Summer is just around the corner, and for many Albertans this means time spent on, or in, the water. No matter your age, or how well you can swim, there are certain things to keep in mind to keep you and your family safe this summer. So, let’s discuss some tips in further detail.
Learn to swim
One thing that is vital to water safety, is knowing how to swim. Children should be enrolled in swimming lessons, conducted by qualified instructors. Having strong swimming skills is something that not only reduces the risk of drowning, but it also helps build confidence and knowledge in and around water. The younger you learn to be comfortable in the water, the less afraid and better equipped you will be in avoiding dangerous situations.
Being able to swim doesn’t completely remove the risks associated with drowning. Therefore, whether at the pool, beach, lake, or any other body of water, children should never be left alone. Children, especially, can be easily distracted, and a watchful eye should always be kept on them.
The Canadian Red Cross states that, “a small child can disappear in seconds and can drown in only a few centimetres of water – enough to cover the mouth and nose. Typically, these drownings occur in backyard pools, toddler pools, the bathtub, or at the beach.” Furthermore, drowning is one of the leading causes of unintentional death among children ages one to four. So, keep your littles safe by ensuring they are closely supervised by a responsible adult.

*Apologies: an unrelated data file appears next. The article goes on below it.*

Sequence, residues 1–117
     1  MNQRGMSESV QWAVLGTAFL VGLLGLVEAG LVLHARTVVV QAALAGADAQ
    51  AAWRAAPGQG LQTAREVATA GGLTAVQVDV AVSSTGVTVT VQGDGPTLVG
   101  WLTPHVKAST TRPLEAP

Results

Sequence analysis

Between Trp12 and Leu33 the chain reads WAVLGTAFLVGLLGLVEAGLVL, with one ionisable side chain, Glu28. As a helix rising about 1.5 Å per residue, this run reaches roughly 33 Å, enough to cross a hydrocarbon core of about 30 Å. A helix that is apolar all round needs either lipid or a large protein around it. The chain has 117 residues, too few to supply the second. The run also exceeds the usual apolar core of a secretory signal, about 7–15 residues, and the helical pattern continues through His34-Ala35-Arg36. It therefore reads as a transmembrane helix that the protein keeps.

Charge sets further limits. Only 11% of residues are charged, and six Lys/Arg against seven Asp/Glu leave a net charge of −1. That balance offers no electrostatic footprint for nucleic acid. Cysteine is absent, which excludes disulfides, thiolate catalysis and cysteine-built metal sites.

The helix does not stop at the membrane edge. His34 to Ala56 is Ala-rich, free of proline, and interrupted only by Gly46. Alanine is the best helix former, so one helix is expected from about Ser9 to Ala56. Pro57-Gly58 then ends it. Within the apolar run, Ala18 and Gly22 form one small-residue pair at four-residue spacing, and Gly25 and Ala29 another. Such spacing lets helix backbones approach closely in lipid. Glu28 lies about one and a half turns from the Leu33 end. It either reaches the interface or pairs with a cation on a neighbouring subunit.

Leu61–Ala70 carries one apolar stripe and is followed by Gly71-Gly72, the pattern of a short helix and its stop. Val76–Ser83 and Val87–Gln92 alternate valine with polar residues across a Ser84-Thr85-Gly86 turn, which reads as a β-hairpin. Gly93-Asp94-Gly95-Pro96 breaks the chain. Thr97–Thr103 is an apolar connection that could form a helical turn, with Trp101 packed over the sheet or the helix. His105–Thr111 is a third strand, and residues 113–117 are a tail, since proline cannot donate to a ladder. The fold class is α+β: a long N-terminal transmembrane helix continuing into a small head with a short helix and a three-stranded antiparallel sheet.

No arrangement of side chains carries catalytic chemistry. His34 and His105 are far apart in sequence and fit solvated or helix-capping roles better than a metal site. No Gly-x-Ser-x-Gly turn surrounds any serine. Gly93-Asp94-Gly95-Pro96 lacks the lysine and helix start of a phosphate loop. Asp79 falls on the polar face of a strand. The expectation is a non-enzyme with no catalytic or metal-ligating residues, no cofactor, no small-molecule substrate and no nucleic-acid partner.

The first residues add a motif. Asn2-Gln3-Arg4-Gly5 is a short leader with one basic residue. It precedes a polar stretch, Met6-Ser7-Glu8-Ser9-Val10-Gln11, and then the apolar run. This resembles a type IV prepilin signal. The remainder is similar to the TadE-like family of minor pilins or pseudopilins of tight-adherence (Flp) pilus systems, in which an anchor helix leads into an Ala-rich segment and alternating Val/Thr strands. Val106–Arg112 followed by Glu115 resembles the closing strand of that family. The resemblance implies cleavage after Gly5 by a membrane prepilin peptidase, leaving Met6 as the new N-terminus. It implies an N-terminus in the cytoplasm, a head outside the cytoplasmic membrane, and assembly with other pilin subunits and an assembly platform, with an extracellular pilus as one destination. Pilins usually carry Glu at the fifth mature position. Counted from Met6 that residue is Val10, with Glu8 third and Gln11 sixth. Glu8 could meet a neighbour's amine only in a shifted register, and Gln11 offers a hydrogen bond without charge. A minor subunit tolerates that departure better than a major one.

Wear life jackets
For those who aren’t strong swimmers, life jackets or personal floatation devices can provide extra security. However, even for strong swimmers, if you are participating in activities such as boating, kayaking, water skiing or any other water fun that involves a large body of water and a boat, you need to always wear a life jacket. By law, you are required to have a life jacket on board for each person on a watercraft. In many instances, drowning related to recreational boating occurs when people do not wear one.
It is important to be cautious in open water. Lakes and rivers can present unique challenges, so you should always be aware of your surroundings. Understand the risks associated with currents, waves, or other hazards. It is also key to follow safety guidelines and warnings associated with where you are located.
During the summer, it is easy to become dehydrated. Ensure you are drinking plenty of water and be sure to protect yourself from UV rays by regularly applying sunscreen, wearing a hat, and considering UV-protective clothing. Always reapply sunscreen after getting out of the water.
Never operate a boat while under the influence of drugs or alcohol as it can impact your judgment as well as reaction time. It can also have dangerous consequences, or expensive fines!
We want you to enjoy your summer, and the water activities in which you choose to participate. By prioritizing safety, and staying vigilant on and in the water, you will help keep everyone safe this season.